What is scoliosis?
Scoliosis is a spine condition that describes an abnormal side-to-side (lateral) curvature of the spine that presents as an S- or C-shape. There are several types of scoliosis, though the two most common types are idiopathic scoliosis and degenerative scoliosis. Idiopathic scoliosis is commonly found in young children and does not have a clear cause, though some researchers believe that genetics play a large part in the development of this condition. Degenerative scoliosis is commonly found in older adults over the age of 65 and is caused by the natural deterioration of the facet joints in the spine.
If you have been diagnosed with scoliosis, it is important for you to research the condition and the treatment options available for each type of scoliosis. If you have any questions, we encourage you to reach out to our Care Team for more information and for guidance on the best treatment option to fit your needs.
Types of scoliosis
There are several types of scoliosis that can develop in adolescents and adults. These types may have different causes and treatment options, but they all have the same defining symptom — the abnormal lateral curve of the spine. The types of scoliosis include:
- Idiopathic scoliosis — Idiopathic scoliosis is commonly found in adolescents between the age of 10 and 14. It is more commonly found in young girls, but young boys are also at risk. There is no known cause of idiopathic scoliosis, though many researchers believe that genetics play a role in the development of this condition.
- Degenerative scoliosis — Degenerative scoliosis occurs in adults later in life due to the natural aging process of the spine. As the years progress, the vertebrae of the spine become compressed by weight gain and repetitive movements. This causes the facet joints around the vertebrae to slowly deteriorate, causing instability in the spine. The vertebrae may shift side to side, which could lead to the development of a lateral curvature.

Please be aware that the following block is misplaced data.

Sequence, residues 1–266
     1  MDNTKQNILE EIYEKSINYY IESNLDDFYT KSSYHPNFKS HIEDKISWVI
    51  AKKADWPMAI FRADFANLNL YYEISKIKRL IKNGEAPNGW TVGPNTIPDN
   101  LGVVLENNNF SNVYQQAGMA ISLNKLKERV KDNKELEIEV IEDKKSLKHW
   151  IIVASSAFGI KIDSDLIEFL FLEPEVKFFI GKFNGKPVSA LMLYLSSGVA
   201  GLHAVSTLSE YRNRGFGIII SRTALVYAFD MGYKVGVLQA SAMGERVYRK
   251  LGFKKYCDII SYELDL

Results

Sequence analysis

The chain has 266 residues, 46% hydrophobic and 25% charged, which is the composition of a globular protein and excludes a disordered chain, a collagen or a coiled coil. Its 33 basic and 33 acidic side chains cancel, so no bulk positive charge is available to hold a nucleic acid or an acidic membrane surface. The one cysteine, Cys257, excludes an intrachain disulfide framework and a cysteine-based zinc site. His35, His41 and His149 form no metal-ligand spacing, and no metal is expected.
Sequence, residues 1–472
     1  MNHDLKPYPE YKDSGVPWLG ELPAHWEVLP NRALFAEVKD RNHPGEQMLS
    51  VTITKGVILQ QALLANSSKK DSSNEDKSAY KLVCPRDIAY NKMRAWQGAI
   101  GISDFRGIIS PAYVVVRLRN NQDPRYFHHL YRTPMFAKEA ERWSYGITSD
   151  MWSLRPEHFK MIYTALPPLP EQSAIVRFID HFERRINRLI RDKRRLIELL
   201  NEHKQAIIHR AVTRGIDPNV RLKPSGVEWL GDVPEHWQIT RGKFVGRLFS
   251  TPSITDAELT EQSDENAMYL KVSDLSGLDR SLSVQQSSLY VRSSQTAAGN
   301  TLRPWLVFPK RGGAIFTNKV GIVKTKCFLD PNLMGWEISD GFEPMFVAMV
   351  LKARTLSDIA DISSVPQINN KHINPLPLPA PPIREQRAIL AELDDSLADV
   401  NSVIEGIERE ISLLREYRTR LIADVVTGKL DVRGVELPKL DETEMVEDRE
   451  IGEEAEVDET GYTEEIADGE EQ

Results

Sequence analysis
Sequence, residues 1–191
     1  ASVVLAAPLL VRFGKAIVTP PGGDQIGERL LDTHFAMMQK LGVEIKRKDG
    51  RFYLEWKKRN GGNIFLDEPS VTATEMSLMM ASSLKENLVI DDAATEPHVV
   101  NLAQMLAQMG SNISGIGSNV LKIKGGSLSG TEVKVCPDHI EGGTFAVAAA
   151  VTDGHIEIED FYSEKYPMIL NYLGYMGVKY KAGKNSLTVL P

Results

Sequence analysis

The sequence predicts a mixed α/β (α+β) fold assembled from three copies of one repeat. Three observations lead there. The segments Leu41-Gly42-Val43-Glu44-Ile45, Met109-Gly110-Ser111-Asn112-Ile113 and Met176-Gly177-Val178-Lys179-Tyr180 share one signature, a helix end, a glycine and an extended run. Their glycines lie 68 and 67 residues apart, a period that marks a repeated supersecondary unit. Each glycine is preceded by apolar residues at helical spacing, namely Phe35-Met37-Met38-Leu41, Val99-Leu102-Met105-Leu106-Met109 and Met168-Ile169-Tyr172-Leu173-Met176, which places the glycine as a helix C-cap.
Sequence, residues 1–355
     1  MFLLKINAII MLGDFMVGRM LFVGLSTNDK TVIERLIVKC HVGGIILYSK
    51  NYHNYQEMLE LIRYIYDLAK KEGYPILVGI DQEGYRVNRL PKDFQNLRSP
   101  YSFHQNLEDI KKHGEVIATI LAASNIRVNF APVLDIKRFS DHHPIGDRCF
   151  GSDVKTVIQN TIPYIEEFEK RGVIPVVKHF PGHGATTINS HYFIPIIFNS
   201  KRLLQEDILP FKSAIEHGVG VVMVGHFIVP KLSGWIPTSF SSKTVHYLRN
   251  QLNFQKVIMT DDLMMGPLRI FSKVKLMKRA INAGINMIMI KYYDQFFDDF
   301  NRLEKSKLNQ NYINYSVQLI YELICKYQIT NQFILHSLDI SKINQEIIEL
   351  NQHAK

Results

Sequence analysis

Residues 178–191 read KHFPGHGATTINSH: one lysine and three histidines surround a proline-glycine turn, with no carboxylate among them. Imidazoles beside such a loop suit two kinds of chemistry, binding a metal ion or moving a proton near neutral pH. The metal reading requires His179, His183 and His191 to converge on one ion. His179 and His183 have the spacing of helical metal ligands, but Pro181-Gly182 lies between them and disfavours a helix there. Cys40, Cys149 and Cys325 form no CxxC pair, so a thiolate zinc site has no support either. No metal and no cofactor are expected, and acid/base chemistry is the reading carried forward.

- Congenital scoliosis — Congenital scoliosis occurs at birth and is present in infants. Many infants grow out of this condition, though some may require treatment as they get older.
Symptoms of the condition can include stiffness, inflammation and lower back pain. If the spinal cord or nerve roots are impinged by vertebrae, deteriorating disc material or other soft tissues, additional symptoms of pain, weakness, tingling and numbness may radiate into the lower extremities.
Many cases of adult scoliosis can be effectively treated through conservative therapies, such as back braces and physical therapy. These methods of treatment aim to realign the spine and strengthen the muscles surrounding the spine to hold the spine in alignment. In some cases, conservative therapy is not effective in treating scoliosis and a patient is recommended to undergo spinal surgery.
At Laser Spine Institute, we offer a safer and effective alternative to traditional open back surgery. Our minimally invasive stabilization surgery can help treat adult scoliosis by removing the diseased facet joint, realigning the vertebrae and inserting an implant in the empty disc space to stabilize the spine. Due to the low risk, this surgery is performed as an outpatient procedure at one of our seven world-class surgery centers across the country.
For more information about the minimally invasive procedures we offer or to determine whether or not you are a candidate for our procedures, please contact our Care Team. We are here to help guide you through your journey to wellness.